Kohaku Namasu (pickled daikon and carrot)

Gomame/Tazukuri (dried sardines caramelised with sugar and soy sauce)

Kurikinton (chestnuts and sweet potatoes paste)

Kuromame (Simmered black beans)

Konbu Maki (rolled kelp)

Koya-dofu (simmered dried tofu)

Ebino Umani (prawns cooked in soy sauce, sake and mirin)

Chicken Terini (Chicken simmered in teriyaki sauce)

Hokkaido Scallops Sashimi

Ozoni (soup with mochi/rice cake)

As this was the 4th year for me to prepare Osechi, I have to say that I was pretty organised and it did not take that long. I am quite satisfied the outcome too. Tasty!!! YEYYY!!! I have presented Osechi this year on  a set of beautiful plates which were given to us by my husband’s auntie and uncle. The white plates are so classy and Osechi looks good on them.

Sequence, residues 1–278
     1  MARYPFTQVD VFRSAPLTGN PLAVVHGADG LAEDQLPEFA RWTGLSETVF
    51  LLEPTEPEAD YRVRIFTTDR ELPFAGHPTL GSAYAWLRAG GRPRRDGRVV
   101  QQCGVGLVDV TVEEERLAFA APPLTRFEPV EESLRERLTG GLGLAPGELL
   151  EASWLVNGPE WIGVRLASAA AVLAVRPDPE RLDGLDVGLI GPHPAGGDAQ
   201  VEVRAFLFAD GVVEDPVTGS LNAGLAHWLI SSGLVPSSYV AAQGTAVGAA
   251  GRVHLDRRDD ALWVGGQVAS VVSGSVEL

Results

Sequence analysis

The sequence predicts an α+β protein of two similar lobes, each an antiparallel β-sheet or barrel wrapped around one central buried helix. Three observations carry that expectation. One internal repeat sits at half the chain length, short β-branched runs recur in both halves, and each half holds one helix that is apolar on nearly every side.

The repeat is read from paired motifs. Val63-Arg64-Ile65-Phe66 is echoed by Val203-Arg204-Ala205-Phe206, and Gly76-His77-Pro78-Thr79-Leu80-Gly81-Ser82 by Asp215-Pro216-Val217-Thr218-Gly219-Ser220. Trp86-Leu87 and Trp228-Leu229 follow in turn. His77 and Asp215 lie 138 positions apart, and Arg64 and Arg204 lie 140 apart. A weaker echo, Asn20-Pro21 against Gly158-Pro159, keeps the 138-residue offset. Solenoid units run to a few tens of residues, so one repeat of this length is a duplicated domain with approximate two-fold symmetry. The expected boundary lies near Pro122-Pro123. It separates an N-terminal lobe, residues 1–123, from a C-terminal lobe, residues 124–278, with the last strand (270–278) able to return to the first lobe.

Osechi 1_a little bit of soy

Well, I think I made a good start . I am determined to keep it up throughout 2018.

 

The Easiest Ever Japanese – Agedashi Tofu (No Dashi Stock Required)

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A super easy Agedashi Tofu Recipe. This Agedashi Tofu can be made without Japanese Dashi Stock. When you are in a hurry but you would like to impress someone, it is a good recipe. I think it is a good introduction to Japanese cooking. Hope you like it.

Ingredients (Serve for 4 people)

500g Momen or Classic Tofu

200ml Water

50ml Soy Sauce

50ml Mirin

20ml Cooking Sake

5g Dried Bonito Flakes

2 Tablespoons of Corn Flour (or Plain Flour if you do not have Corn Flour)

Oil for shallow frying

Topping Options

4 pinches of Dried Bonito Flakes